You Can Now Eat the Fish (At Your Own Risk)

It has been 50 years since the infamous river fire, and the fish are finally good enough (maybe) to eat.

In 1969, the Cuyahoga River in Cleveland caught fire. Industrial waste was regularly dumped into the river and the fire became a literal flashpoint for the country as it became more aware of manufacturing’s environmental impact.

According to Ohio History Central, pieces of oil-slicked debris were floating on the river and ignited by the sparks from a passing train.

On June 22, 2019, it will mark 50 years since the river caught fire and yesterday, for the first time in a half century, it became (maybe) okay to eat fish out of the river.

The Cuyahoga fire actually led to the creation of the U.S. Environmental Protection Agency, and a regional EPA representative called the announcement a huge step to improve water quality.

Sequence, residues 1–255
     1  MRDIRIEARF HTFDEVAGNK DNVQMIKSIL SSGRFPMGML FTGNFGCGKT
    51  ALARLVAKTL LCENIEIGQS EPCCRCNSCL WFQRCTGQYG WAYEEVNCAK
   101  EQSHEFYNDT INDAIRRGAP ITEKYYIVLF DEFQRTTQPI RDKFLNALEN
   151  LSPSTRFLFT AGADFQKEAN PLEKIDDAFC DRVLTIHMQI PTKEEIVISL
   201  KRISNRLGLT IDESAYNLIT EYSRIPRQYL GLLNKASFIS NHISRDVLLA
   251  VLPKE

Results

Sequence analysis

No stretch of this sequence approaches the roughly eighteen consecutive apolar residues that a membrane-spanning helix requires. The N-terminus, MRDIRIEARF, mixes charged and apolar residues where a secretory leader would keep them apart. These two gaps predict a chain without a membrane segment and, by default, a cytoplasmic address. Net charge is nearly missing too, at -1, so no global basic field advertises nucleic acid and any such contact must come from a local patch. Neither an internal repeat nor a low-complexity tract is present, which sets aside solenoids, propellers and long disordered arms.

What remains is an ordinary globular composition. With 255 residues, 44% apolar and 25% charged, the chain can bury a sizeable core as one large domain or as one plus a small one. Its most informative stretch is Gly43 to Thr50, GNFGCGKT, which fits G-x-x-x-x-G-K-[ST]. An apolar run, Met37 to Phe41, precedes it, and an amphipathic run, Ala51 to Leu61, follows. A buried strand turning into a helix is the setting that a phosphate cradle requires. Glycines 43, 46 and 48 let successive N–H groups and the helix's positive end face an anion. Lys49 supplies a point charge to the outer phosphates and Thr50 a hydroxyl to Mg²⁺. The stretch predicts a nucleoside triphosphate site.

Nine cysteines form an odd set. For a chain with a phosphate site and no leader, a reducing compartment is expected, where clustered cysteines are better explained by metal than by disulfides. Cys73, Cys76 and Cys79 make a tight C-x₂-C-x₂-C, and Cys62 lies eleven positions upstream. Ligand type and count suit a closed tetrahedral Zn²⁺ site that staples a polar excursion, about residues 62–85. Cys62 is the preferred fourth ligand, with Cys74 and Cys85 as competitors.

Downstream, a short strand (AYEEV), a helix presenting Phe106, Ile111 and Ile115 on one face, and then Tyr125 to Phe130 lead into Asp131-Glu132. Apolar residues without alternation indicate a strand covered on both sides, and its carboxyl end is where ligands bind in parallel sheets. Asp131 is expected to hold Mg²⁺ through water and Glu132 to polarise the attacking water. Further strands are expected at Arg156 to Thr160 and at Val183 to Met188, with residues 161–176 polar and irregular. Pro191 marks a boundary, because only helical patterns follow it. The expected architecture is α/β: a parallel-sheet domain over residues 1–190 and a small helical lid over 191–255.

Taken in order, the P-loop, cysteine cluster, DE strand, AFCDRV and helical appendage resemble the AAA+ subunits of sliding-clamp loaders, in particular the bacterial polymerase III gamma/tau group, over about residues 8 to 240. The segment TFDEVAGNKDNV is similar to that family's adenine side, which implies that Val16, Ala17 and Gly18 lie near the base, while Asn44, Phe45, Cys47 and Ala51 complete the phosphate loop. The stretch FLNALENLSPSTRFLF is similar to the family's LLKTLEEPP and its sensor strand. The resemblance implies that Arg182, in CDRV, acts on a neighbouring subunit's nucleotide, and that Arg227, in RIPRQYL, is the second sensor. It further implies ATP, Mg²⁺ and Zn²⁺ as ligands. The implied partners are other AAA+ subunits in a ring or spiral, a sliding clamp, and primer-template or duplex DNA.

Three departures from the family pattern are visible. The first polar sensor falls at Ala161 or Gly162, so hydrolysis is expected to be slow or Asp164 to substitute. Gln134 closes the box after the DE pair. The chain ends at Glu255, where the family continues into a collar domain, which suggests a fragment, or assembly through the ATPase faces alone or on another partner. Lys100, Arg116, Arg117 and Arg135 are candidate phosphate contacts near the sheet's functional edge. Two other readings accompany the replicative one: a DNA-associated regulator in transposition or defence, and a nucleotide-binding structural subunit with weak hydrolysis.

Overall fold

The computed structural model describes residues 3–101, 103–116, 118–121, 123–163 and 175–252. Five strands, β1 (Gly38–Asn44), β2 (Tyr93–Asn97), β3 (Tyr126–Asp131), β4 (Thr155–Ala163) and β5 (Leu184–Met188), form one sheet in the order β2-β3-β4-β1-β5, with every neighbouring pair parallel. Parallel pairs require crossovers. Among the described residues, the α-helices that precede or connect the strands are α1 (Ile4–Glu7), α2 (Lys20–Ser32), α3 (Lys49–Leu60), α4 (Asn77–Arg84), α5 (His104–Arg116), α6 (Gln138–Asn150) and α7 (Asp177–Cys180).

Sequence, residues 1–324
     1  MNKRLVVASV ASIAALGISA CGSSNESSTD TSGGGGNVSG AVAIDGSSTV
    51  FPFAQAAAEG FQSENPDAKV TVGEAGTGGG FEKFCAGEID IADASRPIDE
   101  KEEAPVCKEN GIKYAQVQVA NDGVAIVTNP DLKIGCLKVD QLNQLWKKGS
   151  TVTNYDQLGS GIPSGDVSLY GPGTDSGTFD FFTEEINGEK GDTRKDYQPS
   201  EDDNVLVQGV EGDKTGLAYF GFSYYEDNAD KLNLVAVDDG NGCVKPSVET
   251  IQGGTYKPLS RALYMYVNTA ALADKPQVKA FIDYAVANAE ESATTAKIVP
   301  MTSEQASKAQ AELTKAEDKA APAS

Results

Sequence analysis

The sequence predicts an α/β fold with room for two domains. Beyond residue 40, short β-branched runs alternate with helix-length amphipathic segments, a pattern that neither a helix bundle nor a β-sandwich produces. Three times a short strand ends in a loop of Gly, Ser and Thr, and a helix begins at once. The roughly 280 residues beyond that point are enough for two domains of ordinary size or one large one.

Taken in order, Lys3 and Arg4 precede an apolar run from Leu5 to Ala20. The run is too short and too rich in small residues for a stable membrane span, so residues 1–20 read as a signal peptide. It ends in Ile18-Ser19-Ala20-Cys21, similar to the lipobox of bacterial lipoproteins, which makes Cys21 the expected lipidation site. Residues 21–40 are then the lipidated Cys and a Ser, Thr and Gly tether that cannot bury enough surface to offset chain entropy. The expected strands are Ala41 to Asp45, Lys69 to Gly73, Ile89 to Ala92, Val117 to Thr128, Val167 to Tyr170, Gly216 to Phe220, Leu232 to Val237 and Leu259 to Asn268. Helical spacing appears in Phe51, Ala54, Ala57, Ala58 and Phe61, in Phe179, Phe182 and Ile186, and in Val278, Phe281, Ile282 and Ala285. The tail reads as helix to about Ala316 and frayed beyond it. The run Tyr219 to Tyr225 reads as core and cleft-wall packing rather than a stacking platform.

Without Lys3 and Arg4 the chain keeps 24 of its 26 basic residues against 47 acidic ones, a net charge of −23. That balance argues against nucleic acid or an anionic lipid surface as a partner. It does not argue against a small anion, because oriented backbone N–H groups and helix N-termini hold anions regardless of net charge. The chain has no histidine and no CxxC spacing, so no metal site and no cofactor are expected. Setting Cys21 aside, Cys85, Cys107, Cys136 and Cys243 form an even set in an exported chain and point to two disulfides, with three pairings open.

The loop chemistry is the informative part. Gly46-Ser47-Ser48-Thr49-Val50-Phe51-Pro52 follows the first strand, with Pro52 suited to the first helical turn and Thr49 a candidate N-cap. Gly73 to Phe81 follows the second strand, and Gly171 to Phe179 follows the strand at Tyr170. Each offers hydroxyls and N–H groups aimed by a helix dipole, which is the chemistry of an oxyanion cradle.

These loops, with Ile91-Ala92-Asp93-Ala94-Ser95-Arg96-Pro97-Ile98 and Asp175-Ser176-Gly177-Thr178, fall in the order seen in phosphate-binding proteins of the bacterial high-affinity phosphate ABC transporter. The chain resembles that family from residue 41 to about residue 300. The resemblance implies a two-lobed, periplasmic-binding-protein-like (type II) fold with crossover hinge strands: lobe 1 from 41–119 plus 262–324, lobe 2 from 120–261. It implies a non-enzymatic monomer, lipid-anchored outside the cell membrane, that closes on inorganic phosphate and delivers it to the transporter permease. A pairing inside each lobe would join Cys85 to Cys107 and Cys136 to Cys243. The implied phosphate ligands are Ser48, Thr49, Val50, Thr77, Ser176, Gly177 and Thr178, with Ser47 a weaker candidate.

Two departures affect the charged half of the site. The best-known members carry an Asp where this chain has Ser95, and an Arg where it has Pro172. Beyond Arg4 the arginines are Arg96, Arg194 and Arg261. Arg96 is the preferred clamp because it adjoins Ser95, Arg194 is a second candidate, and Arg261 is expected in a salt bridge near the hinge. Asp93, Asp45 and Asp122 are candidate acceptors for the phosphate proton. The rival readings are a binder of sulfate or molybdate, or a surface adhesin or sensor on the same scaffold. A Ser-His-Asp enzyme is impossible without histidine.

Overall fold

According to a report from the AP, Laurie Stevenson, the Ohio EPA Director said, "If you safely can eat the fish, we know that's a great indication that water quality is improving." Wait a second, that seems like a big “if”. 

The recommendation came after improvements seen in fish tissue samples.

However, the river remains a problem area and seven other improvements need to be made before it is de-listed. The Ohio governor has proposed a budget with about $1 billion dedicated to water quality projects.

The river blaze in 1969 wasn't the first or the worst for the Cuyahoga, it just happened to be the one when everyone collectively figured enough is enough. The river, which flows into Lake Erie, has caught fire at least 13 times in the past and remains a work in progress.

It took 50 years for it to be okay to eat fish from this toxic dump. We could possibly use it as a reminder to protect such an important natural resource, particularly as new, unknown threats like polyfluoroalkyl substances (PFAS) continue to pop up in public water systems.

PFAs are the toxic industrial compounds used in products like nonstick cookware, carpets and fire-fighting foam.

The chemical has been linked to everything from kidney and testicular cancer to thyroid disease and high cholesterol, and even immune problems in children.

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